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MY HOME WAS SOLD AT SHERIFF'S SALE - WHEN DO I HAVE TO LEAVE?

Posted by Seymour Wasserstrum | Feb 20, 2021 | 0 Comments

Unfortunately, your home was just sold at a New Jersey sheriff's sale, and you are still living in the property. Do you have to get out right away, or can you stay a little while longer until they force you to leave?

The good news is that you can get some additional time to stay in your home even though a sheriff's sale has taken place. For one thing, the sheriff does not transfer the property to the new homeowner for at least 10 days after the sale has taken place. The reason for this is that the homeowner still has ten days after the sale to "redeem" the property. Furthermore, the homeowner has the right to file for bankruptcy during the 10 day period of redemption, and if the homeowner does so, the homeowner might get up to 60 days to "redeem" the property. 

Let's assume that you don't file for bankruptcy, and your goal is simply to stay in the home as long as you legally can do so. The length of time you will be permitted to stay there varies from case to case and depends on a number of different factors such as the following:

1) Is the sheriff's office very busy with evictions, and is the office understaffed? The busier the sheriff's office is, and the less staff they have working on evictions, the longer the amount of time you will be able to stay.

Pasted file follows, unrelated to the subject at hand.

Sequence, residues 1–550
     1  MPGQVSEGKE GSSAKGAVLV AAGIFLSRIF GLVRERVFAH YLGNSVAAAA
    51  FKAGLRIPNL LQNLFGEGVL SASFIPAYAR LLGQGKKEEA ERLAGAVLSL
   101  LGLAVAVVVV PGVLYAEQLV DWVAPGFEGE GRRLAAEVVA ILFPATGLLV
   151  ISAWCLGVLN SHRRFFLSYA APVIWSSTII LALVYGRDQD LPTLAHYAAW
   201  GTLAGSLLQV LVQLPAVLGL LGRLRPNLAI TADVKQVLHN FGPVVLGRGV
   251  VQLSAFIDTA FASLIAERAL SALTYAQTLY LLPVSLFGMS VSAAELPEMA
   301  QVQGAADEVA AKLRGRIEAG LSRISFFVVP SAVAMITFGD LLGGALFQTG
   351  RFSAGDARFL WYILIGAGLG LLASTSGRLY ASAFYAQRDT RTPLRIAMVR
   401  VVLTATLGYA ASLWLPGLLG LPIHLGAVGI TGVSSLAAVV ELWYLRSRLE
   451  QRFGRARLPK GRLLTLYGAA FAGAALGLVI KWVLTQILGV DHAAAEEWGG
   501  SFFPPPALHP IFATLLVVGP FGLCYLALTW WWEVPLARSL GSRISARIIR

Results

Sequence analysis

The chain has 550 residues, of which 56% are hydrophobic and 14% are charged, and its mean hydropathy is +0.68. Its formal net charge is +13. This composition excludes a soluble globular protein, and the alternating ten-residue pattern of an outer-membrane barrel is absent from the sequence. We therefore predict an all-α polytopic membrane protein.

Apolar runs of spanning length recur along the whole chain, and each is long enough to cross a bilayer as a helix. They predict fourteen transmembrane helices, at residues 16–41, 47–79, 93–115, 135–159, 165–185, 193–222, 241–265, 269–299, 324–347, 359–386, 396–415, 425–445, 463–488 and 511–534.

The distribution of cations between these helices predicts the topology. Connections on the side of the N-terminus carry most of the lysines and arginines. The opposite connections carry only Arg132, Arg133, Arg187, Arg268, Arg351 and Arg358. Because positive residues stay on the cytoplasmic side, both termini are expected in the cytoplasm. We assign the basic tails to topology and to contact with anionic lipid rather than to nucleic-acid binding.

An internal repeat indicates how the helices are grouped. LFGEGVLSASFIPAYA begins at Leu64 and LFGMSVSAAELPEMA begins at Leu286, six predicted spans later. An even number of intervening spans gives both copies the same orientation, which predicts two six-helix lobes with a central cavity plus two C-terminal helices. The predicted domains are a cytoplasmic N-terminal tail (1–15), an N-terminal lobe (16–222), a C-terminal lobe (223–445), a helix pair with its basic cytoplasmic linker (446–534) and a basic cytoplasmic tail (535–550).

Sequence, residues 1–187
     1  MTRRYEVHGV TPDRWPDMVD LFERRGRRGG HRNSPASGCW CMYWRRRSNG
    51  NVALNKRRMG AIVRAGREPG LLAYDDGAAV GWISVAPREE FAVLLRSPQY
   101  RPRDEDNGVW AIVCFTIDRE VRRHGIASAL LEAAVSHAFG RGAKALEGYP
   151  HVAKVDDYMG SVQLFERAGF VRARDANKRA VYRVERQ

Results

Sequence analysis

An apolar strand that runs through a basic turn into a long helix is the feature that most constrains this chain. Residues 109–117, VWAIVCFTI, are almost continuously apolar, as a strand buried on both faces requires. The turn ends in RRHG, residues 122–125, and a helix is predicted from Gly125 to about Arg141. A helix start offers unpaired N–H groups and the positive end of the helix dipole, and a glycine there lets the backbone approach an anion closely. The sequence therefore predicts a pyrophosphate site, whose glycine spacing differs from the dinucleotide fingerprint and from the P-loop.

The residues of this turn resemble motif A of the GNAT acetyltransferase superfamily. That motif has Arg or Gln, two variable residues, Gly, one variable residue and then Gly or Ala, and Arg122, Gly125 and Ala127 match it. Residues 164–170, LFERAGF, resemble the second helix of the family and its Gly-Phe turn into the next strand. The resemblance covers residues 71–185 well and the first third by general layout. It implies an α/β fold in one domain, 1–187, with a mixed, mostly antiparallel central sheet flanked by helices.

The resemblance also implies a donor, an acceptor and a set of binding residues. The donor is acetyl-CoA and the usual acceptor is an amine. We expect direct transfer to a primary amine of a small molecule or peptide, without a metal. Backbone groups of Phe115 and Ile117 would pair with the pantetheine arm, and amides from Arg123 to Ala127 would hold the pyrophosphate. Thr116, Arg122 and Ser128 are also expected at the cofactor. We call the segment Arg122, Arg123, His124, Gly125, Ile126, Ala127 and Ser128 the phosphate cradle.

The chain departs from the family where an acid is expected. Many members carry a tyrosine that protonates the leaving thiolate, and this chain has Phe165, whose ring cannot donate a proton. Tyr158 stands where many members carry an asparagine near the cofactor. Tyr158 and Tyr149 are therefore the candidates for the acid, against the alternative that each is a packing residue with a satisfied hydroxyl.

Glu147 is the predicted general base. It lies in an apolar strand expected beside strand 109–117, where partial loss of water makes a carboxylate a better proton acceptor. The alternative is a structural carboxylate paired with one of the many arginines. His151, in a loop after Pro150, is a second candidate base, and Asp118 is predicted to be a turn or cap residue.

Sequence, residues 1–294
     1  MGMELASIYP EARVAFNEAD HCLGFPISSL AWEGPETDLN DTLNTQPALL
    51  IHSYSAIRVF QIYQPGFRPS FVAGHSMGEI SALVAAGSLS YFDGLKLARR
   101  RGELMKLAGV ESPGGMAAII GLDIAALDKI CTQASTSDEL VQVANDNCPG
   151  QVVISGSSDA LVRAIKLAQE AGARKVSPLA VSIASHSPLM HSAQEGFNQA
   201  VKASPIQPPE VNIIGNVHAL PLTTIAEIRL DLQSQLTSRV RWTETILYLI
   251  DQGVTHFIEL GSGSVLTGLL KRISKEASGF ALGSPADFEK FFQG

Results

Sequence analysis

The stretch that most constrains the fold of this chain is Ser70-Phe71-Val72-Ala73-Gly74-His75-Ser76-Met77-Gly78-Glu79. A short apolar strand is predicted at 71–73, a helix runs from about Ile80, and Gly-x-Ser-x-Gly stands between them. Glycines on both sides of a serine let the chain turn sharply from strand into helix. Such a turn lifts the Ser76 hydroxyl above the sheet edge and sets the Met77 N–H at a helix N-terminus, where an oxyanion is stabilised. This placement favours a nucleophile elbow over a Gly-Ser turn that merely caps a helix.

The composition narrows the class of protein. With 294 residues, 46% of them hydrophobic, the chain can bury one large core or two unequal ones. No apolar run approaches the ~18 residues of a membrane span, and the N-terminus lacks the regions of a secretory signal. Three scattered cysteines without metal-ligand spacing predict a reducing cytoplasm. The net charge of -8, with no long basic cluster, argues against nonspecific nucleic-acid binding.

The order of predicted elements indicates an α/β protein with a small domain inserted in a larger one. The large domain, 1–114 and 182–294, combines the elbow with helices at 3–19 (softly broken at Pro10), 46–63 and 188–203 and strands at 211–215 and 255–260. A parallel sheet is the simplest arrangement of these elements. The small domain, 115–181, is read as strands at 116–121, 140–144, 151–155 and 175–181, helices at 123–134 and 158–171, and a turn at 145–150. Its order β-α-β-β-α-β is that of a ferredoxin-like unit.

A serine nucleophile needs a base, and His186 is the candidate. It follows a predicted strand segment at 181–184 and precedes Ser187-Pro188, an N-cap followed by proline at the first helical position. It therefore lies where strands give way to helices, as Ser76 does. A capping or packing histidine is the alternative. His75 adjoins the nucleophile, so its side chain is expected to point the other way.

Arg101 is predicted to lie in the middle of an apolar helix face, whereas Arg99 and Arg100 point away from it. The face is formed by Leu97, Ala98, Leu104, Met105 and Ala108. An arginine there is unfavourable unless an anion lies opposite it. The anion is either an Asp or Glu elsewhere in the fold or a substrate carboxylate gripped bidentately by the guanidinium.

2) Was the property purchased  by a third party who would like to either move in quickly or sell the property and make a quick profit, or did the mortgage company take the property back because there were no bidders at the sheriff's sale? If a third party bought the property, they might act a lot quicker to try to evict you because they either want to move right in, or they want to sell the property.

3) Even if an eviction date has already been scheduled, you can usually request an emergency hardship hearing before a judge to get an extension of time.

4) I can give you a real life example - About 1 1/2 years ago, one of my clients called me because she had just received a notice to vacate her former property. When I asked her how long she had been living there since the sheriff's sale had taken place, I believe she said that she had been there for about 9 months after the sheriff's sale, basically living for free. She had to pay utility bills, but she certainly was not making a mortgage payment, nor was she paying rent. I'm not saying this is going to happen to you. It's just an example of how the process can sometimes drag on and on.

Of course you will receive advance notice of the eviction date from the sheriff's office, and that ought to give you adequate time to get your personal belongings out of there.

Since everyone's situation is a little bit different, if you are facing circumstances such as this, and you want to have a better idea as to when you will actutally have to leave, you ought to call an attorney who is knowledgeable about these types of situations. If you'd like to call us for a free consultation, we'd be happy to discuss what's been happening with you, and we'll do what we can to help you out. You can reach at 856-696-8300. We are here to help, and we wish you the best.  

About the Author

Seymour Wasserstrum

A Personal Look at Attorney Seymour Wasserstrum and the History of his Firm I was born in Augsburg, Germany on June 25, 1948, the only child of Sam and Clara Wasserstrum, who lost virtually their entire families in the Holocaust. My parents came to the United States with me, as immigrants, by sh...

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